Xiaohua is 12
and lives in a province in South China. She is a happy girl who
smiles a lot and likes to talk to her friends after school.
People who see Xiaohua would never guess that she is one of
millions of children in the world living and dying with AIDS.
AIDS is a disease that breaks down the body's immune system and
leaves a person defenseless against infections and illnesses.
Most people who have AIDS manage to survive only a few years
after they get the disease. For some, medicine can help keep
them alive, but the treatment is expensive and does not cure
People get AlDS after having been infected with HIV. HIV spreads
through blood and other body liquids. People transmit HIV by
having unprotected sex, by receiving infected blood transfusions
or, as in Xiao Hua's case, through birth. Xiao Hua's
mother contracted HIV when she was 28, and she died of AIDS only
three years after Xiaohua was born. Xiao Hua's mother did not
know that she had AIDS until Xiaohua was born. Xiao Hua's
father, who also has AIDS, takes care of her, but Xiaohua misses
her mother. "I wish I could remember more about my mum," Xiaohua
says, "I wish that she were here with me and that we weren't
children become infected with HIV every day. In 2002, 800,000
children under 15 became infected; the total number of infected
children in the world was 3.2 million. The disease is spreading
fast in Africa and parts of Asia, mainly because of a lack of
proper health care, prevention and education. As with most
diseases and disasters, the young suffer the most.
like Xiaohua there is little hope. The drugs that are available
are much too expensive. Xiaohua knows that she will die before
she has a chance to grow old, but she does not let that
knowledge discourage her. Instead, she has decided to use the
limited time she has left to do something to help others. She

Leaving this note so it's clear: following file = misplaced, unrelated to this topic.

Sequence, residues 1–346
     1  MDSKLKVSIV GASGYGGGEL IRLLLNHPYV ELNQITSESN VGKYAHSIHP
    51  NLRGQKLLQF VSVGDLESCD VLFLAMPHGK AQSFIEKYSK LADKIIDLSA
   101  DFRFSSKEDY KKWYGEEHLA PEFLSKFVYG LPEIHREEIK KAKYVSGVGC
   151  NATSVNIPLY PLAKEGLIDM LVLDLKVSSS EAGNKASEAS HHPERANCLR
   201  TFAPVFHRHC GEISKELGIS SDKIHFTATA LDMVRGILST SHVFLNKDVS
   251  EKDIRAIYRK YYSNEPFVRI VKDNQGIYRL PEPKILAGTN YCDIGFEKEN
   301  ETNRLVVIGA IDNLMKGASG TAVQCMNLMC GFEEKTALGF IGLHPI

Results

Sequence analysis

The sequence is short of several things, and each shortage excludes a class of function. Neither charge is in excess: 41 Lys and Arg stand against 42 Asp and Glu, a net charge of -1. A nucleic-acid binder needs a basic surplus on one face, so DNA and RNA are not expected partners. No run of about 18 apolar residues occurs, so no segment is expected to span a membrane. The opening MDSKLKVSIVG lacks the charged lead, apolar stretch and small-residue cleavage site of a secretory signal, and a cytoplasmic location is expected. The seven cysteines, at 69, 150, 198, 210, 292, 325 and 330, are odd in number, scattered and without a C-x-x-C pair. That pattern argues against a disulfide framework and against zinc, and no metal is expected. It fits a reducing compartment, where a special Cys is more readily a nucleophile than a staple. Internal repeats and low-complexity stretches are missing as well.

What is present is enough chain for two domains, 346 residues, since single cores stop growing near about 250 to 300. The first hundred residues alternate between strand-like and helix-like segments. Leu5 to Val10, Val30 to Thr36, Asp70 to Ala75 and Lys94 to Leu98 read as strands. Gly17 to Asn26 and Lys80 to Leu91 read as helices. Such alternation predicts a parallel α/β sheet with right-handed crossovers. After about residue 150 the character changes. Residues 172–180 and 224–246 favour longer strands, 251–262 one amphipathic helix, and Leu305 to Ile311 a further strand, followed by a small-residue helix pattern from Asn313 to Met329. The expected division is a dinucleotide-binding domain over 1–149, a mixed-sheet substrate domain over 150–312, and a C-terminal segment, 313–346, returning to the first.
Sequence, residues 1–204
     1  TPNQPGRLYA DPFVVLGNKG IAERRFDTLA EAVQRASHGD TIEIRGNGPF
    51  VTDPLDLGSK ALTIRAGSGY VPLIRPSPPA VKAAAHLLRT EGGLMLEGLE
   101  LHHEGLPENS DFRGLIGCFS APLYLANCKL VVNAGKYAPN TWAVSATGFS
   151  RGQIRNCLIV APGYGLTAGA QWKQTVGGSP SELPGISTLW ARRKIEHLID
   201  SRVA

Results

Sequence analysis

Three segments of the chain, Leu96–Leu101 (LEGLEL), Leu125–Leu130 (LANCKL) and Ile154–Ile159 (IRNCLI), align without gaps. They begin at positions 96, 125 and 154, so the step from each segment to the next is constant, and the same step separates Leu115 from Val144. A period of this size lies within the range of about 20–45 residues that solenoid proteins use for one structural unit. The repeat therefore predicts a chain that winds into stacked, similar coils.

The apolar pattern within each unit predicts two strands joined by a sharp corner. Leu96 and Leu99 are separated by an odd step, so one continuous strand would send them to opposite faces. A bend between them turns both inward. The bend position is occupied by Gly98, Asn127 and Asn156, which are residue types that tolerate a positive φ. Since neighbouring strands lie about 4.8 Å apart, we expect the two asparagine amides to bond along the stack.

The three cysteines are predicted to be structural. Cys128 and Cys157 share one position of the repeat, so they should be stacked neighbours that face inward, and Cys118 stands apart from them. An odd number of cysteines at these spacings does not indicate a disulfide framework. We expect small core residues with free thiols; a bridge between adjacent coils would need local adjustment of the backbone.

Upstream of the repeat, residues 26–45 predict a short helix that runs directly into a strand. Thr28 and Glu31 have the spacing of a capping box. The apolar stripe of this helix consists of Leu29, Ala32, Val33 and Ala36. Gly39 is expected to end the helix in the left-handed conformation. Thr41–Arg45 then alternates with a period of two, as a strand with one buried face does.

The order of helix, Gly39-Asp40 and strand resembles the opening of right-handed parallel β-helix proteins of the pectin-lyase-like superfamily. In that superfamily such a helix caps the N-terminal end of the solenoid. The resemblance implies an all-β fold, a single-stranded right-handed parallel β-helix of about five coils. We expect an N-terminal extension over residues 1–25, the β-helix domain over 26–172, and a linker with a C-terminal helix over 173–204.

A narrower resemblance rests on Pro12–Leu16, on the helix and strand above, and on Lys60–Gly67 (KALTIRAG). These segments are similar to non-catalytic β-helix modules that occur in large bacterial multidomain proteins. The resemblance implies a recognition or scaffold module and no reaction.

spends much of her time telling others about her disease and
encouraging people to learn how to protect themselves. She also
goes to visit other AIDS patients in hospitals across the
country to support them and cheer them up. “If I were to live
long enough to have a job, I would choose to be a doctor,
helping these AIDS patients," Xiaohua says.
The disease is not the only thing that AIDS patients suffer
from. They also have to deal with people's fear of the disease.
Many people do not know very much about AIDS and are afraid that
any contact with people who have AIDS is dangerous. Xiaohua is
trying to change this by creating a network of patients and
doctors that can persuade hospitals and companies to spend more
money on AIDS research and education. "I wish people would find
out the facts," she says, "and not act as if I were a bad or
dangerous person." When she talks to people about her
disease, she and Dr Wang, an AIDS specialist who helps Xiaohua,
often tell people that the most dangerous thing is not knowing
about the disease. They explain how AIDS spreads and let people
know that it is safe to shake hands, talk, and eat with someone
who has AIDS. People often ask what they can do to help. "If I
were you," Xiaohua says, " I would give an AIDS patient a hug.
That is the best way to show that you care and that we don't
have to feel lonely."
Xiaohua has learnt to live with HlV and the fact that she will
one day develop AIDS. She knows that her life won't be as long
as her classmates', but she will not let the disease destroy her
happiness. "My life may have to be short," she says," but
there's no reason why it can't be beautiful."
(Senior English for China Student's Book 2A Unit